‘Unrealistic And Not Supported’: Major Automakers Slam Biden EPA’s ‘Extreme’ EV Plan

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Major automobile manufacturers criticized a Biden administration proposal to regulate emissions, warning that it would stress critical mineral supplies and require unrealistic levels of electric vehicle sales, Bloomberg reported Monday.

Comments filed by Stellantis NV and Toyota Motor Corp. scolded the Environmental Protection Agency for its plan aiming for automakers to ramp up electric vehicle production so intensely that EVs would account for 67% of light-duty vehicles and 46% of medium-duty vehicles by 2032; electric vehicles only make up roughly 10% of the current market, according to Bloomberg. The EPA’s proposed tailpipe emissions regulations are expected to prompt the shift.

Toyota called the Biden administration proposal “unrealistic and not supported by the U.S. Department of Energy or any other projections.”

“The Proposed Rule underestimates key challenges, including the scarcity of minerals to make batteries, the fact that these minerals are not mined or refined in the US, the inadequate infrastructure and the high cost of battery-electric vehicles,” according to Toyota.

Critics fear that such a policy would effectively create an electric car mandate and remove consumer choice, according to Bloomberg.

Stellantis said that an EPA plan  was “overly optimistic” and assumed “a perfect transition” without considering lagging manufacturing capacity and consumer support,” Bloomberg reported. (RELATED: Electric Vehicle Startup Files For Bankruptcy, Sues Investment Partner)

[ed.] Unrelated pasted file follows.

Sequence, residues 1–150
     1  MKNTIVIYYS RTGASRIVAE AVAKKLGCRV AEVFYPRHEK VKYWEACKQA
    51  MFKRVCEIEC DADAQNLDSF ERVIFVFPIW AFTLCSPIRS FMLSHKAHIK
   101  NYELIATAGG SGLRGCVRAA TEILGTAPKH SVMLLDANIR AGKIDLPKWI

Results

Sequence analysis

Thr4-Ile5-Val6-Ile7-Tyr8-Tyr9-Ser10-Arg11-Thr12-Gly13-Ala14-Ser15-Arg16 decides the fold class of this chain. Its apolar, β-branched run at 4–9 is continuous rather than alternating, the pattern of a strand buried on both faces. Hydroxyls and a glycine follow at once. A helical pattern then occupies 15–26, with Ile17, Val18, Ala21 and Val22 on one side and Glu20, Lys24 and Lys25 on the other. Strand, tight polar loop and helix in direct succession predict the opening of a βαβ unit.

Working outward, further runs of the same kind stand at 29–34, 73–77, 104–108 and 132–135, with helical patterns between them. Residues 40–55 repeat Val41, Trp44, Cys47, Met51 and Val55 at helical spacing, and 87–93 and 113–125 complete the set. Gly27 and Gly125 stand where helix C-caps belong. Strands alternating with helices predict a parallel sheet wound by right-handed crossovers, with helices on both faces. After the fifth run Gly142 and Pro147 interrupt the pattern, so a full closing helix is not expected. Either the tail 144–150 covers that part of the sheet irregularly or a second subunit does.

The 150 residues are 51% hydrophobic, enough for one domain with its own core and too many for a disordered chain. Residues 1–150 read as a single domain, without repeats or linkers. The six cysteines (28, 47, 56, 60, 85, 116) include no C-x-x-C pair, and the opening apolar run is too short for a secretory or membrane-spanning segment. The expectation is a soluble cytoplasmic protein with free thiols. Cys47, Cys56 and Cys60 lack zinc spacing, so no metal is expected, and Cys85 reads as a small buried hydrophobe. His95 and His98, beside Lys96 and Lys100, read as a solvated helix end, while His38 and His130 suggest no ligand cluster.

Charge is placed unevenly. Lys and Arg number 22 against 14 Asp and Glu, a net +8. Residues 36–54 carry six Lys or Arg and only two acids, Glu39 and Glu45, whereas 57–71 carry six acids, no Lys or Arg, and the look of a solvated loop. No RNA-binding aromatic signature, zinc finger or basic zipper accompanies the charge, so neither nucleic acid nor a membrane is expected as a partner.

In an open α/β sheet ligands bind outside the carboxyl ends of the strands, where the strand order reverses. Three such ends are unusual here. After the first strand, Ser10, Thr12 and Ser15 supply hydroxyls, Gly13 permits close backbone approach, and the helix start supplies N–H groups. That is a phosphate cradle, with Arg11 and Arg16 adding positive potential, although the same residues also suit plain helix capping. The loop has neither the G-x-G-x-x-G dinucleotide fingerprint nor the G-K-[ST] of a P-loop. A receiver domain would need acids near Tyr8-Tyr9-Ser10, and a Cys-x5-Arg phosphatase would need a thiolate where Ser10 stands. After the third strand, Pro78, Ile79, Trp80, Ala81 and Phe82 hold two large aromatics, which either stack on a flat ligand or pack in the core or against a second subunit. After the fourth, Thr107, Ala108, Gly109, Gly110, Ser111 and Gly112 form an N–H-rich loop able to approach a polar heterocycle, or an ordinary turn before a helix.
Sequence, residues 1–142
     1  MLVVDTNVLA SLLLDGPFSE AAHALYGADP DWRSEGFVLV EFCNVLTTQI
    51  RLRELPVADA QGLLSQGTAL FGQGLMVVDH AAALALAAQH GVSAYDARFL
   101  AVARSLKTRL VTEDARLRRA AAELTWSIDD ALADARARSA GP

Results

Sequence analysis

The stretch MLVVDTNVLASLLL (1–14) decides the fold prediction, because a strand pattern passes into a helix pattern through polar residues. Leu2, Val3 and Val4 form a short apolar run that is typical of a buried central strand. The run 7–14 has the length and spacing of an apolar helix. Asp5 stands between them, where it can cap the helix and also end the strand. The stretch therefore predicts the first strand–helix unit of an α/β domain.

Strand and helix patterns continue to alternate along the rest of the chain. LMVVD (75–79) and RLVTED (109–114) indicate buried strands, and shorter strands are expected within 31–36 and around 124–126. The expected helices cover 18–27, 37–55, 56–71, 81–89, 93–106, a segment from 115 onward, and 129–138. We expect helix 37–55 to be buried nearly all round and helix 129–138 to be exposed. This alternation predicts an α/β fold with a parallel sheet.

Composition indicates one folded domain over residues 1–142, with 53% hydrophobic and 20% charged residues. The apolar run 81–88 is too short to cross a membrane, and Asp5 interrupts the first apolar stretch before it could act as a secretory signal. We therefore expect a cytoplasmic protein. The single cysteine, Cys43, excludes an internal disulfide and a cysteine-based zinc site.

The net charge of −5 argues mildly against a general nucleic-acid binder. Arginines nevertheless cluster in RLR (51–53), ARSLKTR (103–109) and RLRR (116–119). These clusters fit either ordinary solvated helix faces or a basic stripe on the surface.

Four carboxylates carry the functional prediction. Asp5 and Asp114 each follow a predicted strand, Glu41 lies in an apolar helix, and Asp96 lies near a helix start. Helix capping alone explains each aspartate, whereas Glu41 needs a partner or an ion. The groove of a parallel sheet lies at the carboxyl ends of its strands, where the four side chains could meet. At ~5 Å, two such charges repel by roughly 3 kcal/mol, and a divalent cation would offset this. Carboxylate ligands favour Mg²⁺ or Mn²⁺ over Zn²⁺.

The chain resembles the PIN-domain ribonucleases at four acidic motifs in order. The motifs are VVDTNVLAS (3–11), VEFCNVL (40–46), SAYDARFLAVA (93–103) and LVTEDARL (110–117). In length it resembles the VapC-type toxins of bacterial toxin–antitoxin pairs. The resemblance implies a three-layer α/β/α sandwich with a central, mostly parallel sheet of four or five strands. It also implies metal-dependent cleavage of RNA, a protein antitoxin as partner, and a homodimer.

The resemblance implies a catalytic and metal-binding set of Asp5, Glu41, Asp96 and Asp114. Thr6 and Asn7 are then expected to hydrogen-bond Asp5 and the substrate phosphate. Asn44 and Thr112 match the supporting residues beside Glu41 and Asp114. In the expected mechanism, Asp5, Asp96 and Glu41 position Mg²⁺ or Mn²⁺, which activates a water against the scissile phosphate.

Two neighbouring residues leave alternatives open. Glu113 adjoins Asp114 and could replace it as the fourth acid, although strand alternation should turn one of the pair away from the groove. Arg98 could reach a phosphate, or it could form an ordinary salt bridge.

The EPA’s proposed electric vehicle adoption rate “far exceeds what is supported by the policy actions in place and adds significant risk to the automotive industry who must comply with these standards whether these assumptions hold true or not,” Stellantis said according to Bloomberg.

Ford Motor Co. had previously called on the EPA to lighten their strict requirements between 2027 and 2029, so that it would create an easier transition to proposed 2032 standards. The American car company encouraged the EPA “to avoid setting criteria emissions requirements that will force unnecessarily large or ill-timed investments and distract both automakers and the supply base with little air quality benefit.”

The White House did not immediately respond to a request for comment.

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